“I see no fish, strange or otherwise.”
“Practice,” Lem said. “You’re not accustomed to it yet. It’s how your captain knows something is wrong – he knows these waters, and has the keenest sight of any man here.”
As Al’s boat neared the other, the young prince saw what had escaped him before; he no longer wondered at Lem’s startlement.
“Is that a fish or a child?”
“It’s a merchild,” the captain said, stepping closer to the prince. “I’ve heard legends, but never believed them.”
Horror struck Al.
“That boat – they can’t be netting merchildren – they wouldn’t dare-” He looked to the captain and Lem.
The captain stared ahead. “It doesn’t look good. Poseidon won’t be pleased.”
Looking carefully, Al could now see two finned figures writhing on the deck of the other boat. Men worked, starboard side, to pull in more of the netted figures.
“Tell the men to row faster,” Al urged the captain.
“What’s going on?”
Al turned as Heph joined them.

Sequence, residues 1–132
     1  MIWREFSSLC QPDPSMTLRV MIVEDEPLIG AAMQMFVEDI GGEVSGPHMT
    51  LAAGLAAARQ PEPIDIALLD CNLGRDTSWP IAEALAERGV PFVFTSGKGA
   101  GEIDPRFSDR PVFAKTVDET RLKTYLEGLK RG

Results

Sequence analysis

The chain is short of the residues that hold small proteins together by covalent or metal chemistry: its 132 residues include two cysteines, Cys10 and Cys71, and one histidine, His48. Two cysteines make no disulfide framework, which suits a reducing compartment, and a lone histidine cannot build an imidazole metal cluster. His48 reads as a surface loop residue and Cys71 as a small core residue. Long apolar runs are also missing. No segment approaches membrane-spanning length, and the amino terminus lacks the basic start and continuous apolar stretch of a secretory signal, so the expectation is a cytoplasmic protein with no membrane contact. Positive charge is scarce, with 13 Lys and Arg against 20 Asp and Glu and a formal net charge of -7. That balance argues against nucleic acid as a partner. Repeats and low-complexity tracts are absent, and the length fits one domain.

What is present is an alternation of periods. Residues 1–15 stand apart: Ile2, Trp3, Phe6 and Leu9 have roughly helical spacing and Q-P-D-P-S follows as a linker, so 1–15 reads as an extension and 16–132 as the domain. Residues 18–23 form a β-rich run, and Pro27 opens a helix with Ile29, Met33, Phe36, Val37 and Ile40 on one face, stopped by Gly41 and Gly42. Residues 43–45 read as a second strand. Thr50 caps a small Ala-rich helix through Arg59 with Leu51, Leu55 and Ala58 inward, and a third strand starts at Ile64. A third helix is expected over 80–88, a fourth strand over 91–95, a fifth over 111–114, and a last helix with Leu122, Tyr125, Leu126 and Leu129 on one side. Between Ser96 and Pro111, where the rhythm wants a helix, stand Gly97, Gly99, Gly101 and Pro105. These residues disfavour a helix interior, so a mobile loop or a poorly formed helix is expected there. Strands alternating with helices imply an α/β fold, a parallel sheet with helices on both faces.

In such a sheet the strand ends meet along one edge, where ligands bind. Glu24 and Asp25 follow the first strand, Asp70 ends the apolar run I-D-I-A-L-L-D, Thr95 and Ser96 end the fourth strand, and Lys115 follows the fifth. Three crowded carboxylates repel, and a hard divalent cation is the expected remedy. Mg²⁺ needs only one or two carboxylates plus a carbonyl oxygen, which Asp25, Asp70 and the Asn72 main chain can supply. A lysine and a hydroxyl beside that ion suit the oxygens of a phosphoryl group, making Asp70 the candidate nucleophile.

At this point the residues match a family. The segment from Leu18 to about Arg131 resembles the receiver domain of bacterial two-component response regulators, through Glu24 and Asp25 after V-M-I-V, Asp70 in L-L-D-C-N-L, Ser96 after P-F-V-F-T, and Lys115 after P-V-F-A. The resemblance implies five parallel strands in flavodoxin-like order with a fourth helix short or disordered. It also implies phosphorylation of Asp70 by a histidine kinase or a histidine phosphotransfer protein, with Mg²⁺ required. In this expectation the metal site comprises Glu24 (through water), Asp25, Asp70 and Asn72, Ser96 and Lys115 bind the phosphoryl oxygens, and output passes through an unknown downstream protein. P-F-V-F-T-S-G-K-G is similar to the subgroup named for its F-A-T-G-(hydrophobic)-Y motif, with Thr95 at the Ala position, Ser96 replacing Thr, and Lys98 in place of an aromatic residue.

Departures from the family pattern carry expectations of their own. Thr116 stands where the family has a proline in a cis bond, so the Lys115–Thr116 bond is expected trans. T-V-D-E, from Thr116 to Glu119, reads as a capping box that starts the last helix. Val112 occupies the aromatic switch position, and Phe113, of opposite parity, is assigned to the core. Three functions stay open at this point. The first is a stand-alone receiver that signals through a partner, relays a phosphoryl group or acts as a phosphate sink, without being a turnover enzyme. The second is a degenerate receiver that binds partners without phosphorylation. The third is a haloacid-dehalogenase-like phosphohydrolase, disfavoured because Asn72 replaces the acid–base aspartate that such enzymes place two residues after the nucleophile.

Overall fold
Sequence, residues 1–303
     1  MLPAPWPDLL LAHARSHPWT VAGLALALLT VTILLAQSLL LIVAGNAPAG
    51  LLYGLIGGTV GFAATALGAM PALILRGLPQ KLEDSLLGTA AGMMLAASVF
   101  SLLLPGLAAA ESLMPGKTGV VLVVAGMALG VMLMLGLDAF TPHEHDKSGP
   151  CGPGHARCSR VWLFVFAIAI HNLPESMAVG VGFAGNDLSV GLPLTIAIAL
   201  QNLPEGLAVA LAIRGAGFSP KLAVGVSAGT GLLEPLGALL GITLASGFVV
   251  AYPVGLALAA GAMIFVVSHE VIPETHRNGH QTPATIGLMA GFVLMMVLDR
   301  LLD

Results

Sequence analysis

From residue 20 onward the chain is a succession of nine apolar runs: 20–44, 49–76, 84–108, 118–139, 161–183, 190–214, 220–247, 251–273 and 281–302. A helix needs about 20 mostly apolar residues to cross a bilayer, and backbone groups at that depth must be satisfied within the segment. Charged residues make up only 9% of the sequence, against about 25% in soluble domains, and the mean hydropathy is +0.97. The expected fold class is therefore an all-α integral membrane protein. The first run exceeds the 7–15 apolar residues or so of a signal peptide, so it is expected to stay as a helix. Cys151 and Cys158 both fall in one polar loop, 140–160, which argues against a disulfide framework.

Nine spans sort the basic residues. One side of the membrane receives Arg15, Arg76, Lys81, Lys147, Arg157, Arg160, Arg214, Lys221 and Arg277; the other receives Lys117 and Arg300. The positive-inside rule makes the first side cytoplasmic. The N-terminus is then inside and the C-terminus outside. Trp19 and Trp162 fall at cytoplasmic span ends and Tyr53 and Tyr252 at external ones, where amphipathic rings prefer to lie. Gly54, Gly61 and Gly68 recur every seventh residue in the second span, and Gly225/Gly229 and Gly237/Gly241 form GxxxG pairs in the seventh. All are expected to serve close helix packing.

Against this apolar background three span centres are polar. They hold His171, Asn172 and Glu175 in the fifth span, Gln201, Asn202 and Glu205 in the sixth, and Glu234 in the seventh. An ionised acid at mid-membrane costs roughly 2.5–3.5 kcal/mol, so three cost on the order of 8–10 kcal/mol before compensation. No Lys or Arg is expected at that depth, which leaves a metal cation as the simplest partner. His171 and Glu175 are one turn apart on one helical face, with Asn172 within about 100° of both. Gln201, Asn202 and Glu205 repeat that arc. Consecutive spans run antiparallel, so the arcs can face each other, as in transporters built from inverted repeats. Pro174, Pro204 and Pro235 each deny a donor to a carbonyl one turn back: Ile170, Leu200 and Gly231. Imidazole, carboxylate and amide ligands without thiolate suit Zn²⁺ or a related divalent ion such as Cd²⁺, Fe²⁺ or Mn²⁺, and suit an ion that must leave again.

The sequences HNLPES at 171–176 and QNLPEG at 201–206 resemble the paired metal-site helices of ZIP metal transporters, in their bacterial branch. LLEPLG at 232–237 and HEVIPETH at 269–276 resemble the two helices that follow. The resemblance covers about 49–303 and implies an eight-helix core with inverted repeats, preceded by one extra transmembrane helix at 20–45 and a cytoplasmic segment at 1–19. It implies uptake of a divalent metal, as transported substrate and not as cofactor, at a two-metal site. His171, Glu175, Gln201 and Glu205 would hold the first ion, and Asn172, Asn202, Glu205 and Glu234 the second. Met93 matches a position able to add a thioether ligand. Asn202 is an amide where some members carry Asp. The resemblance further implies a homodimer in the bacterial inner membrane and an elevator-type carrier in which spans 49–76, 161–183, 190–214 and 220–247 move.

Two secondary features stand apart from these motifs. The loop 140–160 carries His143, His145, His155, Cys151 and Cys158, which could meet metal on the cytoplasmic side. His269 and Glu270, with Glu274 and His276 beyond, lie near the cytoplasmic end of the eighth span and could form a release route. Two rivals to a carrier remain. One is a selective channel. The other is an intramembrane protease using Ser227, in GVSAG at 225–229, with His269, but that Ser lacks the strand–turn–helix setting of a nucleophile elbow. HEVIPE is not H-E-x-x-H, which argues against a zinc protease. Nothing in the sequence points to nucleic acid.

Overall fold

“Why are the men rowing so hard?” he asked.
“Look.” Al pointed to the other boat. They were nearly there. Heph saw the merchildren and gasped.
“What are those things?”
Lem pulled Heph aside. The boat was close enough for Al to watch one merchild’s tail flop feebly about the wooden deck.
The distance between the two vessels closed quickly. In moments they were in hailing distance.
“Who commands your ship?” Al cried out.
The men of the other boat looked up. So engrossed were they in reeling in their catch that they hadn’t seen the other vessel approach.
“I do,” one of the men called back, still pulling the nets in with the others. “What business is it of yours?”